NASA scientist controlling Mars Rover mission from London flat above hairdresser

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A scientist is helping to run ­NASA’s £2.7billion Mars Rover mission – from a one-­bedroom flat above a ­hairdresser’s in Lewisham.

Prof Sanjeev Gupta should be based at mission control in California.

But travel restrictions caused by the Covid-19 pandemic have forced the 55-year-old to work from home in south east London.

He said: “I should be at the Jet Propulsion Laboratory in California, in a series of offices each one about three times bigger than this lounge, full of hundreds of scientists and engineers with their heads buried in laptops surrounded by large screens.

“Nasa’s headquarters is certainly a far cry from a one-­bedroom flat.”

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Prof Gupta is one of the leaders of the Perseverance mission.

The robot is on the Red Planet looking for signs of ancient life and collecting rock samples.

A geology expert at Imperial College London, Prof Gupta and his colleagues will begin directing Perseverance to spots to drill for samples, which will be transported back to Earth in 2027 by a separate UK-backed project.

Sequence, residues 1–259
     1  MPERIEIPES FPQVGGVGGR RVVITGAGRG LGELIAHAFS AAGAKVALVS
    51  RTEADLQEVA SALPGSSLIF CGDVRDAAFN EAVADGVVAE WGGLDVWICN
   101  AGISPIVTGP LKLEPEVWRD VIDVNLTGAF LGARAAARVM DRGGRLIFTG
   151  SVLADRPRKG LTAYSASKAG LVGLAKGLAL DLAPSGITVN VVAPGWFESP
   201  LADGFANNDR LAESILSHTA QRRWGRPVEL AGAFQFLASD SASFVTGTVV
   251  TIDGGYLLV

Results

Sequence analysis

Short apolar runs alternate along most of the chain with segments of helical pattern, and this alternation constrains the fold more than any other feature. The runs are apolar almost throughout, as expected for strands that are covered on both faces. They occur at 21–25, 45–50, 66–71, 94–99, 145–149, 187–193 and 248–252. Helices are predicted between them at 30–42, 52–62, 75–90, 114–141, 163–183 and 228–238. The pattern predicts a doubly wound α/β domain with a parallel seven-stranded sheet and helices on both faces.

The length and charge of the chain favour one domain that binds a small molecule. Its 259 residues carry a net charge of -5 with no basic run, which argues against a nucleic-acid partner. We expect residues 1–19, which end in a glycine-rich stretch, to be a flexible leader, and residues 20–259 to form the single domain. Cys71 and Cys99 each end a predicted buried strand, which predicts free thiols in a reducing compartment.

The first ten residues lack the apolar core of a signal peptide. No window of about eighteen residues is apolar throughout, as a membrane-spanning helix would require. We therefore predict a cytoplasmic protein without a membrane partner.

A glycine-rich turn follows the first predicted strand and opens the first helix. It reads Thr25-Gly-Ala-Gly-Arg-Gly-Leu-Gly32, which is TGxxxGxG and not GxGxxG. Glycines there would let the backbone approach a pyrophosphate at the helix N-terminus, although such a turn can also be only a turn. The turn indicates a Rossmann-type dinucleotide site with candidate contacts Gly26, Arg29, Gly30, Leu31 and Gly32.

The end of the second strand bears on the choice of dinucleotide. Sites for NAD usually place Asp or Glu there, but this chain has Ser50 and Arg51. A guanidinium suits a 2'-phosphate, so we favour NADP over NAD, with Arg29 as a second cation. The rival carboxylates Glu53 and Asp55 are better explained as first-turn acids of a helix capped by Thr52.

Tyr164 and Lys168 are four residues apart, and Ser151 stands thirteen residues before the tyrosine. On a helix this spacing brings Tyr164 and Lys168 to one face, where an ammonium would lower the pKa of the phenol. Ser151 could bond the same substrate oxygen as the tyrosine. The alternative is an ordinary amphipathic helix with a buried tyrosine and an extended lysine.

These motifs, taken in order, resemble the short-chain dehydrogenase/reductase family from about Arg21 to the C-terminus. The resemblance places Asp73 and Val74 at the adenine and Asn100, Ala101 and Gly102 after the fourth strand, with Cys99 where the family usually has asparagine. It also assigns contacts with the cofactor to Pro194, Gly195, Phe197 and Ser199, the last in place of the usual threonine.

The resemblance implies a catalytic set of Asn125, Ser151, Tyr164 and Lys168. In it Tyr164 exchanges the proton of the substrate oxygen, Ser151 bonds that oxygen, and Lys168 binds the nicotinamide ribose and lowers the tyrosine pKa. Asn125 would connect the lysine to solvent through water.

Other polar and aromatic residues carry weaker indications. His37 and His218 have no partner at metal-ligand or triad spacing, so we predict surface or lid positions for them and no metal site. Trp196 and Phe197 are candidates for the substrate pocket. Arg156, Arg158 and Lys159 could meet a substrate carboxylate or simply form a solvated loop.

He said: “The teenage son of a friend of mine asked me if I could order the rover to do a wheelie for him. I told him, ‘Not with my motoring skills’.”

Prof Gupta has rented the apartment near his family home so that his wife and children are not disturbed by his round-the-clock work.

The flat has been kitted out with five computers and two other screens for Zoom-style meetings.

Prof Gupta said: “Our working patterns are all over the place. It takes 11 minutes for the signals to get back from Mars, because it’s around 150million miles away.

“Yet due to the pandemic, I cannot be where I am supposed to be – in California, a mere 5,500 miles from here.

“Still, it’s a lovely little flat, even if it isn’t the typical image of one of the nerve centres of space exploration.”

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